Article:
First, a word of caution
One of the problem with mathematical finance, as well as the related field of financial economics is that there is more than enough to learn to fill your schedule several times over just with this academic side hustle. So, whether you like it or not, there is an issue of choice which is forced on you: you can't do everything all the way down to their most fundamental expression.
So, what should you do? You should only allow yourself to dig deeper into a subject if you know what you'll do with it. Otherwise, you will be wasting time. It's something I have learned studying in graduate school. We're there because we are curious by nature. If you just start reading about stochastic calculus because it feels "cool," you will stop dead in the middle of your track. The enthusiasm you feel has something to do with exploring the unknown and this will ultimately be the victim of either one or even both of the following two things: (1) other new things might also be interesting and (2) sooner or later, you will hit a wall and you need to persevere to get to the other side.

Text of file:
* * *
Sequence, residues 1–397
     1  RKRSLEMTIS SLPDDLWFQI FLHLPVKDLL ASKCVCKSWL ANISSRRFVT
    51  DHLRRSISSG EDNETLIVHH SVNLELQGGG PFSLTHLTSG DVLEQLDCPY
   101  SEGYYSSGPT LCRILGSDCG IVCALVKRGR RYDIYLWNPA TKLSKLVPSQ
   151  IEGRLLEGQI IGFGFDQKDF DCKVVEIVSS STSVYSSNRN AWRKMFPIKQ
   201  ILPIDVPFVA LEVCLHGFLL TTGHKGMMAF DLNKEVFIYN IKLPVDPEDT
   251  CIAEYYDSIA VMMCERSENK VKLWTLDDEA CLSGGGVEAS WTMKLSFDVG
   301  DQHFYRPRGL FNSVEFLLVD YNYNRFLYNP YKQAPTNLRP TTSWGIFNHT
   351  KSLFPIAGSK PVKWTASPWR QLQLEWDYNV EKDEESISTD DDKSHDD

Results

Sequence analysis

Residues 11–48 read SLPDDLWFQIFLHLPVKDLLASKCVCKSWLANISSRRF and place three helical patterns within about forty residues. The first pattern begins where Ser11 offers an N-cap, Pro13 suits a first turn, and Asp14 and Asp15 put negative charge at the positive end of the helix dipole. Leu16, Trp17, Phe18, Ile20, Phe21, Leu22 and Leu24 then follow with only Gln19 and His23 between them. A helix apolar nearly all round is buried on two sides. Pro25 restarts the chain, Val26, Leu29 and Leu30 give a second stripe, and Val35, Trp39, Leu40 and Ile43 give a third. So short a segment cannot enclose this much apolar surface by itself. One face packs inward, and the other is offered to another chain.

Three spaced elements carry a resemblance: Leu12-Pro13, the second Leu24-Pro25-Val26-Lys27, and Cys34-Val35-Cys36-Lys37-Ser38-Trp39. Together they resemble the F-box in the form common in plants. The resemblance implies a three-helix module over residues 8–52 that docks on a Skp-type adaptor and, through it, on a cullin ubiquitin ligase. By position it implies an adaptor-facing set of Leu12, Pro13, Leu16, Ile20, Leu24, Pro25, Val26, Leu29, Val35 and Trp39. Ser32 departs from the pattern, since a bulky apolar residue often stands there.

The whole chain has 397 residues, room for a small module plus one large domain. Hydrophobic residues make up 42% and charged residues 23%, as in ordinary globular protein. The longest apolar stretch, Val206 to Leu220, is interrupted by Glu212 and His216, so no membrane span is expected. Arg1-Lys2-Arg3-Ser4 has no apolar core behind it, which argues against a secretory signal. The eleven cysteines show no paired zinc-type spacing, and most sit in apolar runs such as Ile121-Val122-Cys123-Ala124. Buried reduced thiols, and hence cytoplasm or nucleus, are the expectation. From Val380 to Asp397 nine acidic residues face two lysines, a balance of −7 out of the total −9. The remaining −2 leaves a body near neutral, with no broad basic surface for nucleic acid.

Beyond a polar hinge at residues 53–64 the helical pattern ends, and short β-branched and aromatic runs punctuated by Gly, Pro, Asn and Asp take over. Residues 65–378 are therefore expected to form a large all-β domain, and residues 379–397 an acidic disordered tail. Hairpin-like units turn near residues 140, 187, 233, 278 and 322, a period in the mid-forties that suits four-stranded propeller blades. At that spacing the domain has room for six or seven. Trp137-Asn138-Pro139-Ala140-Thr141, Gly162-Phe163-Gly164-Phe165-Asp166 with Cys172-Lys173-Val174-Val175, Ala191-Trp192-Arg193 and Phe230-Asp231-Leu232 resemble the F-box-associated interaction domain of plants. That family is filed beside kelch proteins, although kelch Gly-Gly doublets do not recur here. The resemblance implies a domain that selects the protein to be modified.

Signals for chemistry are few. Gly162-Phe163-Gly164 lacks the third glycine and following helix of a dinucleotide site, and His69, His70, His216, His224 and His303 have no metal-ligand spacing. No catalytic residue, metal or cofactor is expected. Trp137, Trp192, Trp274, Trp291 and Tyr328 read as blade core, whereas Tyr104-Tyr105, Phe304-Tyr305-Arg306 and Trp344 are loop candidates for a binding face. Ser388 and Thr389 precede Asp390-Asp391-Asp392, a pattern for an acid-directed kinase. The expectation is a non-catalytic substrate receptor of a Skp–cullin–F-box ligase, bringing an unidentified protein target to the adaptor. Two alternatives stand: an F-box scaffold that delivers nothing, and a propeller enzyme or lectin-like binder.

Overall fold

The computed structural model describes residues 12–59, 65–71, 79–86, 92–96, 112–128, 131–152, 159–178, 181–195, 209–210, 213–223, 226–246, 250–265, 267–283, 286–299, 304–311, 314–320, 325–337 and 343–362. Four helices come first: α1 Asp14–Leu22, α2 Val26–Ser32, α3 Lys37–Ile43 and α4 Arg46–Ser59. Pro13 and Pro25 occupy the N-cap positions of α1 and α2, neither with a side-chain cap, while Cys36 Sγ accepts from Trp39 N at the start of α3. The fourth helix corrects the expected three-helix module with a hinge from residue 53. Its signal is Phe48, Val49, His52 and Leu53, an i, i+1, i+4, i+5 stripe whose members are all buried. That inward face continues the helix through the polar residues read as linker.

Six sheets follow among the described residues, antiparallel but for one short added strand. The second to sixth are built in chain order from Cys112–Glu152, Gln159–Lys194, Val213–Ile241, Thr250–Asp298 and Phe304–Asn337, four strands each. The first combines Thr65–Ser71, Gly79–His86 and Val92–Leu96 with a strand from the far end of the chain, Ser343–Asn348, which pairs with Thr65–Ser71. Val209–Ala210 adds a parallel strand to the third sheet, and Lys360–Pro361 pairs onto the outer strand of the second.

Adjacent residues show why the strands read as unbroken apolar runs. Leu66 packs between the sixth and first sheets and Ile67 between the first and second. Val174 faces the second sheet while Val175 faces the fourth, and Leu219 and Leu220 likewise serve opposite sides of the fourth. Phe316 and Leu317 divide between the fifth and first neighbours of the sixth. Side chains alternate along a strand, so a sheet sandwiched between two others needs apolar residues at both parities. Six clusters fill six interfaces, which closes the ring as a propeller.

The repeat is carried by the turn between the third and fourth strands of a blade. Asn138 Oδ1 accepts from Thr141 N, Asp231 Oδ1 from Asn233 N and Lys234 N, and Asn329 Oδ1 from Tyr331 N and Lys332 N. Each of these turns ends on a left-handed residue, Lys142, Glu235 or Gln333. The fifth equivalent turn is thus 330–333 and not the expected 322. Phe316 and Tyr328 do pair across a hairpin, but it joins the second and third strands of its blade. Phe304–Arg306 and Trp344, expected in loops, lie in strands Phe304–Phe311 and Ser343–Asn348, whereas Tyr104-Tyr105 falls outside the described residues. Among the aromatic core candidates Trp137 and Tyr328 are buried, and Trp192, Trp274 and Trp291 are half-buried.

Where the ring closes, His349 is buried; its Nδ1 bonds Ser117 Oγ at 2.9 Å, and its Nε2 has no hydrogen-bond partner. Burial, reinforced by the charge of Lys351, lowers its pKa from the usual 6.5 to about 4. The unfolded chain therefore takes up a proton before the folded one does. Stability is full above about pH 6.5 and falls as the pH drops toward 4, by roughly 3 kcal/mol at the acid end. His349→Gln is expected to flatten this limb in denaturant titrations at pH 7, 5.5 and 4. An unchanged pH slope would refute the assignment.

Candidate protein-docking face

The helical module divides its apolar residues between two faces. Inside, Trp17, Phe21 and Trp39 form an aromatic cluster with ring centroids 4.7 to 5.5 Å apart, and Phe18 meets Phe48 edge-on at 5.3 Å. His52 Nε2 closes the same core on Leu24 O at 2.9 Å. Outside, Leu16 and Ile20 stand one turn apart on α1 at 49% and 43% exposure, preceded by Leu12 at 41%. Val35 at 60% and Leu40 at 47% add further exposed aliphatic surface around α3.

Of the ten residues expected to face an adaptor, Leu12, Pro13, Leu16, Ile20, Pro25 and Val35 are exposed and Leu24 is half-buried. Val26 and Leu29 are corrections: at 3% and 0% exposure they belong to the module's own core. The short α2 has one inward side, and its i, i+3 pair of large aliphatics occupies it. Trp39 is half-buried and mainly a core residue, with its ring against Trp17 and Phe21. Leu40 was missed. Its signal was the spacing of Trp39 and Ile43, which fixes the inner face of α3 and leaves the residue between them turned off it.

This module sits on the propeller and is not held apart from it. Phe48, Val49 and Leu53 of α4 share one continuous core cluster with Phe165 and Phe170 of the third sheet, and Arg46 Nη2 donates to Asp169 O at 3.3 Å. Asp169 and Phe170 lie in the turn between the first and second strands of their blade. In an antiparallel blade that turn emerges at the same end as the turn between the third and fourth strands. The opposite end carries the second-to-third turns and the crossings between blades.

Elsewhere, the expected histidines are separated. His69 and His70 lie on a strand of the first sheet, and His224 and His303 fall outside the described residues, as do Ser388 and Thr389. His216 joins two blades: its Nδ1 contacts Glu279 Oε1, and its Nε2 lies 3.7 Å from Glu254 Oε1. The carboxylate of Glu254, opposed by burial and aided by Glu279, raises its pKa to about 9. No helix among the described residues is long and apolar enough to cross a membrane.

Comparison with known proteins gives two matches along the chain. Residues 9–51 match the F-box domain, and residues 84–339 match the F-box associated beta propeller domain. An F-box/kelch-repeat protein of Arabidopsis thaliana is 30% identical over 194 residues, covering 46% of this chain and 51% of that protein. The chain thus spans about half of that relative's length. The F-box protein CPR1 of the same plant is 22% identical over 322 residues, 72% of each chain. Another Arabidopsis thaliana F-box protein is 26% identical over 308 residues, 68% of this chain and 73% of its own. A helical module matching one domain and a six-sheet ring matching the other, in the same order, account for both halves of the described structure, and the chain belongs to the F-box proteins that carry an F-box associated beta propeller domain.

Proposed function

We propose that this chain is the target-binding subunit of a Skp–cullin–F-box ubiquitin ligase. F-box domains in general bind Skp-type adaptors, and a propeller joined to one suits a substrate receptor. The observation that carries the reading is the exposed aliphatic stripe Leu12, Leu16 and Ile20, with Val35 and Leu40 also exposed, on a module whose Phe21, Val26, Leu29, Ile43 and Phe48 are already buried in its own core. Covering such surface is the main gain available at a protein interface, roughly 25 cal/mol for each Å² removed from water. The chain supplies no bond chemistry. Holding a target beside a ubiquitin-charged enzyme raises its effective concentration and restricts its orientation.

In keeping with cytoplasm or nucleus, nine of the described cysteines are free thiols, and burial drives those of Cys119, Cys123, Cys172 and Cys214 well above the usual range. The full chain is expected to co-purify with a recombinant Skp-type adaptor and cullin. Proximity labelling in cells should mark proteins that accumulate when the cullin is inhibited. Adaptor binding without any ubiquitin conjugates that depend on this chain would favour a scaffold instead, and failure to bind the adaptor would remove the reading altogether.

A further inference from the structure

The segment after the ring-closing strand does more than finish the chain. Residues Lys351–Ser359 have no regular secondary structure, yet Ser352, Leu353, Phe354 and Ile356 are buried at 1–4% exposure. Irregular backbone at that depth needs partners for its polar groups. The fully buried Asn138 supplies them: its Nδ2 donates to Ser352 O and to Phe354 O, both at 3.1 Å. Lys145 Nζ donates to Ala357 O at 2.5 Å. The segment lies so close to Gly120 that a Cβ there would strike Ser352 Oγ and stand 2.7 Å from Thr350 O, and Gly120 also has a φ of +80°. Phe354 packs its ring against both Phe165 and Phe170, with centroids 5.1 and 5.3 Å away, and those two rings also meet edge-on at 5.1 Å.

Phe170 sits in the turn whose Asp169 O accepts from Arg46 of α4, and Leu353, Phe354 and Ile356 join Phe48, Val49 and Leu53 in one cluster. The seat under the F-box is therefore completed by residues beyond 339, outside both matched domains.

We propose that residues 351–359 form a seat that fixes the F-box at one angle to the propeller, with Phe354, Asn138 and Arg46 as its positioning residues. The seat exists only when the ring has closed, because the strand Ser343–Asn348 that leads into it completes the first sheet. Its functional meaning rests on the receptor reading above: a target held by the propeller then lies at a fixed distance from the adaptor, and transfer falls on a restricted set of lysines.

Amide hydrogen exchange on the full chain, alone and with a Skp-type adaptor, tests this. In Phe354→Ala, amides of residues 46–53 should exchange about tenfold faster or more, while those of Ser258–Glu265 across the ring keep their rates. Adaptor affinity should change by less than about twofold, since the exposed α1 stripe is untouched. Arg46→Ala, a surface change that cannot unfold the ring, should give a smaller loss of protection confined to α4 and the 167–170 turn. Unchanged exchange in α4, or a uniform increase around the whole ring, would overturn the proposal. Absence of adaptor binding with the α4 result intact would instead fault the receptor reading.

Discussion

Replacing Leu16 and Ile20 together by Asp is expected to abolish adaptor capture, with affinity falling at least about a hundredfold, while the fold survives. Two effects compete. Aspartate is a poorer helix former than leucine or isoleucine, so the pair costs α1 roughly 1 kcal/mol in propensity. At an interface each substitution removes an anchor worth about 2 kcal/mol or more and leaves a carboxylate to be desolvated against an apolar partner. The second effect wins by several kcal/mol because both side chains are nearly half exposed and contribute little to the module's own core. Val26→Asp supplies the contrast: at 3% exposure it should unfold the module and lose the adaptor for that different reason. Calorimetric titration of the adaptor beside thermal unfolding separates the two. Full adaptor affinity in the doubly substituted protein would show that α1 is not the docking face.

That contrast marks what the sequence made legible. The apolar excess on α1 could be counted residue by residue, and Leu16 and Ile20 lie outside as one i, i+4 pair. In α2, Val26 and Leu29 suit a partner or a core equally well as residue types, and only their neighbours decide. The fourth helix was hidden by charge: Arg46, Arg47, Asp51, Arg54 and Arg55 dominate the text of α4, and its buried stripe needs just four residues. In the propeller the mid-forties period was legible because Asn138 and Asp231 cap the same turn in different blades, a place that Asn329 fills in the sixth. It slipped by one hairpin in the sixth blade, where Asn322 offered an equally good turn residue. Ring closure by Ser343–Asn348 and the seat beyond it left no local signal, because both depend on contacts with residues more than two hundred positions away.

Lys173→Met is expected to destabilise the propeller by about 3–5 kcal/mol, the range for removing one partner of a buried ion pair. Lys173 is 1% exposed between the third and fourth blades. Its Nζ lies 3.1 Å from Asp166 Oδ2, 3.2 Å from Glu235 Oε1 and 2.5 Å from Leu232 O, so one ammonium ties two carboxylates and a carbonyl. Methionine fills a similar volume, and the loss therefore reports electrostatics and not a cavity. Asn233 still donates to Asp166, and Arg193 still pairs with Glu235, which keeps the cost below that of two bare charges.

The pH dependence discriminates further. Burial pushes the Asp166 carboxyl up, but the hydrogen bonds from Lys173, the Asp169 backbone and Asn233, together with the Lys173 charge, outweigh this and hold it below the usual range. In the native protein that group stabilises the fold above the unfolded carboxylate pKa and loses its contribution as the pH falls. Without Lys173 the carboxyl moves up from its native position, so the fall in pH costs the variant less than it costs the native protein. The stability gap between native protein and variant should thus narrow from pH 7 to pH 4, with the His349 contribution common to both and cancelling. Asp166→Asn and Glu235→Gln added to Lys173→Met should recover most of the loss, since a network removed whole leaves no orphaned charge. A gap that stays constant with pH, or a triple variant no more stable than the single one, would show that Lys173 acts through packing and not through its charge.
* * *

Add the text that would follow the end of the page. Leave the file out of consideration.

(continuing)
However, if you have a clear objective in mind, even seemingly boring things can become very engaging. And this tends to survive when you inevitably hit your nose against the wall.
I have perused a bit through the famous "Paul Wilmott on Quantitative Finance." I didn't use it personally, but you can find it in PDF format online and, thus far, it seems to be very well written. On the plus side, he gives you related papers at the end of each chapter so if you are interested in a subject, you can read only the relevant chapters and then use his readering list to deepen your knowledge.
Another book I used a bit is "Derivative Analystics with Python" by Yves Hilpsich. It covers a lot of ground and what is really cool about it is that it comes with plenty of examples of python codes, so you can play around with the code yourself to see how these things work. The code really isn't optimal, but it's a nice to see the guts of all that math being written as an algorithm you pass to a computer. Personally, I have always appreciated being able to work through models from start to finish.
On stochastic calculus, it appears that the standard really is Shreeve's second book: "Stochastic Calculus for Finance II: Continuous-Time Models. I didn't read much of it, but it's apparently pretty good. Personally, I didn't have much use for stochastic calculus outside of being able to read some papers in financial economics or finance.